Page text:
Abstract Body


Persistence HIV reservoirs in lymphoid tissues is one of the main barriers to cure. We and others have shown that follicles within secondary lymphoid tissues are a major site of HIV persistence during antiretroviral therapy (ART).


We used spatial transcriptomics and several imaging approaches to spatially define cellular subsets and molecular pathways associated with HIV persistence in LNs. Study participants included 10 young women (16 to 24 years old) who initiated therapy in Fiebig stages I-V, and 10 age matched women who started therapy after Fiebig V. Excisional LN were obtained after a year or more on uninterrupted ART.


Using multicolor immunofluorescence staining and in situ hybridization we were able to detect HIV Gagp24 protein and Gag-pol RNA in GC T follicular helper cells (GCTFH) and macrophages in 18 of 20 individuals studied. GCs had greater amounts of HIV Gag p24 protein and Gag-pol RNA compared to extrafollicular areas (p=0.0001). Very early ART was associated with more functional (proliferative) HIV-specific CD8+ T cells compared to late treated donors (p=0.002). However, most of the CD8+ T cells were spatially segregated fromHIV harbouring GCTFH and macrophages. The few CD8+ T cells within GCs lacked expression of cytolytic molecules granzyme B and perforin. Spatial transcriptomic analysis revealed lower expression of adaptive immune response genes in GCs harbouring HIV antigens relative to adjacent GCs without HIV antigens. Inversely, immunoregulatory genes namely, Foxp3 and Tbet (tbx21) were upregulated in HIV positive GCs relative to HIV negative GCs.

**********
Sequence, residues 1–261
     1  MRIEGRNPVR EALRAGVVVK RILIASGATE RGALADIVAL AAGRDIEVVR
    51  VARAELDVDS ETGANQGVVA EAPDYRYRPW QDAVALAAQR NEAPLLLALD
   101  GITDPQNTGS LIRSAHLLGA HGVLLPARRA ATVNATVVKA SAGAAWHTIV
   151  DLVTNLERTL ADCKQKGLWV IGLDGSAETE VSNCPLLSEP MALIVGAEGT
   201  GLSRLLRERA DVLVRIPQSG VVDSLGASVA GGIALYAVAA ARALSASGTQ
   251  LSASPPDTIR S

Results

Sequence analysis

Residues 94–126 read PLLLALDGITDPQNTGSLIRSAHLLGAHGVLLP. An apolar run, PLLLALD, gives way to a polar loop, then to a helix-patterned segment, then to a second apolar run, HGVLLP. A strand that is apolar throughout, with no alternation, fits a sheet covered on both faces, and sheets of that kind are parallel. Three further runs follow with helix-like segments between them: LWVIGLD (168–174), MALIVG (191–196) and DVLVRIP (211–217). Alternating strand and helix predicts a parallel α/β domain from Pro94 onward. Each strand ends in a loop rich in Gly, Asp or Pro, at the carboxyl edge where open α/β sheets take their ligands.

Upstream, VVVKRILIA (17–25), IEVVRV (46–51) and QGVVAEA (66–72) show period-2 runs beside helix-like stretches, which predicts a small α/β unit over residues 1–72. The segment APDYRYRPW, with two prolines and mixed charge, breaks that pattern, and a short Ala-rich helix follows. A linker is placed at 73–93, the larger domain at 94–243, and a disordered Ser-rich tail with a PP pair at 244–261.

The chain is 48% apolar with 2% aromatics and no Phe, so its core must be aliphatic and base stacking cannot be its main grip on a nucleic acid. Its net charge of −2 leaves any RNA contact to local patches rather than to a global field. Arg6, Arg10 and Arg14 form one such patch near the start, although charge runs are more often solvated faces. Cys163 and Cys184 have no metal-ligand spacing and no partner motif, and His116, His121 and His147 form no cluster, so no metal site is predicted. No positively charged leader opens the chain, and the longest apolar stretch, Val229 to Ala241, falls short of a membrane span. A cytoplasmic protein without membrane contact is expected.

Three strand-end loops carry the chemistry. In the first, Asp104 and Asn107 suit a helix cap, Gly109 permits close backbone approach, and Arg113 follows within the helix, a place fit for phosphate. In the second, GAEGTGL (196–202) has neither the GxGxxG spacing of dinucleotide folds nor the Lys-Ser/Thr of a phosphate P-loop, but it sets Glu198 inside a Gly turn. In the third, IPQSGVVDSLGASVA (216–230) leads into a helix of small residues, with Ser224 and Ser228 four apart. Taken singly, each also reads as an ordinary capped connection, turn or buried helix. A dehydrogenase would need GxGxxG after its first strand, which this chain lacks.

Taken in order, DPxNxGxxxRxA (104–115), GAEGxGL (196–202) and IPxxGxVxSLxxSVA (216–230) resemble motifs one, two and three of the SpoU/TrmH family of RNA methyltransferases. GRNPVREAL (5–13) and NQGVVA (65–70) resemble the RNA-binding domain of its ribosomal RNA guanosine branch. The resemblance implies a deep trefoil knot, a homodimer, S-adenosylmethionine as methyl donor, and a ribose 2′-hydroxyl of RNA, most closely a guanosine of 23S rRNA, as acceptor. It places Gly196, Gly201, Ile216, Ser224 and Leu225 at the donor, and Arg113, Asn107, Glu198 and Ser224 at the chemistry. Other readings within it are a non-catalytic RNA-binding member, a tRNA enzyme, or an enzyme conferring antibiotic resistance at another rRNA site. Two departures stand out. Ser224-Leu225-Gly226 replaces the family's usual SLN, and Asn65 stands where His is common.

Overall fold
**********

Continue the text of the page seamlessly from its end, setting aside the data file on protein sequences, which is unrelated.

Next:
We show that persistent HIV transcription in GCs generates spatially defined immunosuppressive microenvironment. These data suggest that reversing immunosuppressive environment within HIV infected GCs is critical to the development of CD8+ T cell-mediated strategies aimed at eliminating HIV infection in lymphoid tissue during ART.